There are other arguments too, that I haven't seen made in the theology literature. Like, God instantiated all possible universes with net positive utility, because that's more utility than just instantiating the universe with the most utility. This is an extremely basic idea, I really don't know why I haven't seen it before.

8GuySrinivasan9yI've seen this argument but didn't manage to find the paper. It goes further: imagine that the space of possible universes looks like a sphere in R^n centered at the origin and one axis represents a utility function that encodes God's preferences about whether a universe should exist(1) or not and the 0 on the axis is just where God's preferences switch from "would rather exist than not" to "would rather not exist"(2). Then the vast majority of universes that God instantiates are just barely worth existing, and you should expect to find yourself in a universe where the problem of evil is not resolved by "actually things are pretty great, good job God!" or by "we live in a hell dimension, God is the worst". (1) Assume "should exist" makes sense. I realize none of us knows what this means. (2) Luckily? For an underlying reason? Anyway it's one plausible shape, more likely than any specific squiggly blob, and the argument works for lots of other shapes like a cone with its point in the +util direction.
4gwern9yI've seen that before; somewhere in Luke's collection of papers dealing with the FWD.
2Will_Newsome9yOkay, that's good to know. It's only somewhat related, but do you know of any good rebuttals to Plantinga's evolutionary argument against naturalism? I find his argument really quite clever. I couldn't immediately think up a refutation, but I haven't looked at the literature.
7gwern9yIt's been a while since I was reading about it, but my reaction was bullet-biting: "Sure. Does anyone actually think our faculties are perfectly reliable? I sure don't, and I'd nominate religion itself as a perfect example of how evolution-molded psychologies can go horribly epistemologically wrong."
0Viliam_Bur9yWhat exactly is the "net positive utility"? Where exactly is the zero? For example if we assume that existing is always better than not existing, then all existing universes automatically have net positive utility. If we assume a Christian model where people will get most of their utility in afterlife, this model would put a limit on Heaven : Hell population ratio. The exact numbers would depend on how many people in Heaven plus how many people in Hell give a total zero utility. For example assuming that positive utility of one person in Heaven is greater in absolute value than negative utility of all people in Hell, this model would say that all worlds where at least one person gets to Heaven will be instantiated. Assuming this, the exceptionality of Jesus in our universe is an evidence for all other people going to Hell. (Just joking. With proper definitions and priors you can prove anything.)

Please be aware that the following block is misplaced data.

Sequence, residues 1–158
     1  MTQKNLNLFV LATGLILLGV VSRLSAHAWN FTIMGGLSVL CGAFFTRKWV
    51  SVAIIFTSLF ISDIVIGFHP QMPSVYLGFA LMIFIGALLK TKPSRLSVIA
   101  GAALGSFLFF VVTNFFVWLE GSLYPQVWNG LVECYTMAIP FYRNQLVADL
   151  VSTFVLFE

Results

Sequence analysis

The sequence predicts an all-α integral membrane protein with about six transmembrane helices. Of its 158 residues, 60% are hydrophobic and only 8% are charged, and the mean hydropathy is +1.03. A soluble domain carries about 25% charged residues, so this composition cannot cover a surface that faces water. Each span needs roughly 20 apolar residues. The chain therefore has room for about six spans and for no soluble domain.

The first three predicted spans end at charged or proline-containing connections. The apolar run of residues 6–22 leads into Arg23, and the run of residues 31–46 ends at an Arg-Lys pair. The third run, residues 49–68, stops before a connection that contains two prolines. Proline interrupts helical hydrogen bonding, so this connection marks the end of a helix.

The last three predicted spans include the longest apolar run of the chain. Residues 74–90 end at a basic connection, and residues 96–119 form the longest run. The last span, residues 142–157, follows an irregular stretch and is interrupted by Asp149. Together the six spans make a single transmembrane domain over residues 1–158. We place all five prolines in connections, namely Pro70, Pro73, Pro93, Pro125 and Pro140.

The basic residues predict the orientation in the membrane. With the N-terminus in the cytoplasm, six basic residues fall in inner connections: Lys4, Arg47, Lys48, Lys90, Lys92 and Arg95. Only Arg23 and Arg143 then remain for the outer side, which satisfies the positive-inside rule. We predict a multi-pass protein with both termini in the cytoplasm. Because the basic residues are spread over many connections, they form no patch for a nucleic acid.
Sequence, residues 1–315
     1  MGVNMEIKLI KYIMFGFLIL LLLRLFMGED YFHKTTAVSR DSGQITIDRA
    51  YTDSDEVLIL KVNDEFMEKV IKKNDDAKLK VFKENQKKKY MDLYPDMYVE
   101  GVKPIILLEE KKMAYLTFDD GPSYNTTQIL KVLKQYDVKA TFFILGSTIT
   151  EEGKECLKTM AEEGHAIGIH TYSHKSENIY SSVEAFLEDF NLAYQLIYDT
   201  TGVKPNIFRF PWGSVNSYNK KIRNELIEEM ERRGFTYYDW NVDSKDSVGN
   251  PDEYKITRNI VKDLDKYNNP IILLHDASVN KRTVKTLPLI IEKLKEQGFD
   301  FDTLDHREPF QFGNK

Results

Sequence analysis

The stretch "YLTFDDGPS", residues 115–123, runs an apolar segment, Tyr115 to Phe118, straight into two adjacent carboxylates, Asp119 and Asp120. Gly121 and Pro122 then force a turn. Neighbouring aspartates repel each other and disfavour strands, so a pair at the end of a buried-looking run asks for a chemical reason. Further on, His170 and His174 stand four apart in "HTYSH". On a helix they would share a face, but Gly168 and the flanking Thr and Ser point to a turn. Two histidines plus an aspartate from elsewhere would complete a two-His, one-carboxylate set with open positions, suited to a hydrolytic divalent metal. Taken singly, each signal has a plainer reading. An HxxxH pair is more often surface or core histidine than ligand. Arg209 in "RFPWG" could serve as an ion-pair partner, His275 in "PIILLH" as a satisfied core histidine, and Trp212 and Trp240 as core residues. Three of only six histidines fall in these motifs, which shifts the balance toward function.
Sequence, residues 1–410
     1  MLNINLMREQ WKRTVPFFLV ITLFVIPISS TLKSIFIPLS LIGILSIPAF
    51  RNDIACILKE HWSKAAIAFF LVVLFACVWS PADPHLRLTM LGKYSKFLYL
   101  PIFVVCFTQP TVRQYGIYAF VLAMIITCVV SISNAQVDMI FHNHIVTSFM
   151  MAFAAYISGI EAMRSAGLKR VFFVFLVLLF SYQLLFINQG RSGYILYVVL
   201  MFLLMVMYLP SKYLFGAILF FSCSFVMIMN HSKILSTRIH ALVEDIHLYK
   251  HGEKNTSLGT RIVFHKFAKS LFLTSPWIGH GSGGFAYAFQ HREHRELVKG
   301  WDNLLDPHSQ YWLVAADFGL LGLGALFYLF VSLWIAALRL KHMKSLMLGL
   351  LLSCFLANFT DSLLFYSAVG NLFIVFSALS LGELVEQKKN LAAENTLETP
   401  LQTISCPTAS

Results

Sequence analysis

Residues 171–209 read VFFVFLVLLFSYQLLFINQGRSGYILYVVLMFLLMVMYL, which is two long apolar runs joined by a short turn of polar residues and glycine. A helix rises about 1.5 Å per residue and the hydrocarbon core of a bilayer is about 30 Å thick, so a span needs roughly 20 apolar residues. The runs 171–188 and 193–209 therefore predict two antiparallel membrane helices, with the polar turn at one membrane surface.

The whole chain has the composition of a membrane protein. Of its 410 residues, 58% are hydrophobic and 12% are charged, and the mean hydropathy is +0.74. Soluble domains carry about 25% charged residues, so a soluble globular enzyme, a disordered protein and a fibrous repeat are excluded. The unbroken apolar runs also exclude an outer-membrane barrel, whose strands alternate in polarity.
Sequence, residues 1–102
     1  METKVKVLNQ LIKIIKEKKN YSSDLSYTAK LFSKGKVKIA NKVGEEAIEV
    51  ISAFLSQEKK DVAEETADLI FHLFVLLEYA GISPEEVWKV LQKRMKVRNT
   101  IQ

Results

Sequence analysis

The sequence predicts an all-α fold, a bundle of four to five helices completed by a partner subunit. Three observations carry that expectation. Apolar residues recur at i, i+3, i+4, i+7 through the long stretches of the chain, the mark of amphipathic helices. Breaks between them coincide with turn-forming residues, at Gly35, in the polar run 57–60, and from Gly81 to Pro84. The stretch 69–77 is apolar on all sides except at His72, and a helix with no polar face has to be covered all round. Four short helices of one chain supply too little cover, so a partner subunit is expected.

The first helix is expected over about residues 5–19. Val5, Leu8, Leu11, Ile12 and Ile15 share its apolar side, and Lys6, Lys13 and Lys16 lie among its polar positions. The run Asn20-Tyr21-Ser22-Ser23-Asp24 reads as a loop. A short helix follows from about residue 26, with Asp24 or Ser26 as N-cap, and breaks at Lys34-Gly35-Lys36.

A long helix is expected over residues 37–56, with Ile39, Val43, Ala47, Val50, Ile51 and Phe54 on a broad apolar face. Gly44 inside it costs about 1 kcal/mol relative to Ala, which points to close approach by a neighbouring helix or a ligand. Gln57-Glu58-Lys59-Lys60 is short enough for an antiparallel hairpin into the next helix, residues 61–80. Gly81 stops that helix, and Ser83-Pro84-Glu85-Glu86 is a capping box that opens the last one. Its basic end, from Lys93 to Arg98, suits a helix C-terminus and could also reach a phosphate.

-2Logos019yAn omnipotent omnibenevolent being would have no need for such "shorthand" tricks to create infinite worlds without suffering. Yes you could always raise another aleph level for greater infinities; but only by introducing suffering at all. Which violates omnibenevolence.
6Logos019yI don't buy it. A superhuman intelligence with unlimited power and infinite planning time and resources could create a world without suffering even without violating free will. And yet we have cancer and people raping children.
2gwern9yOh, it did try. Unfortunately, Adam exercised his free will in the wrong way. Better luck next universe.
3Viliam_Bur9yPerhaps betting huge amounts of other people's suffering on Adam's ability to resist eating an apple was a really stupid idea.
-1Logos019y"If it weren't for my horse, I never would've graduated college." >_<
3CarlShulman9yPlus the dubious moral view that the seemingly incoherent variety of free will is of immense axiological importance.
0Unknowns7yThis calls into question your claim that you won't accept bets that would call into question your ability to pay if you lose. What do think is the probability (given the fixed assumption that Christianity is false) that sometime before 2045 you will have the psychological experience of a vision of Christ claiming to be risen from the dead?
1Eliezer Yudkowsky7yPreeeeeeeeeeeetty small, and I nonetheless won't accept any bets that I couldn't pay off if I lost, because that's deontologically dishonorable.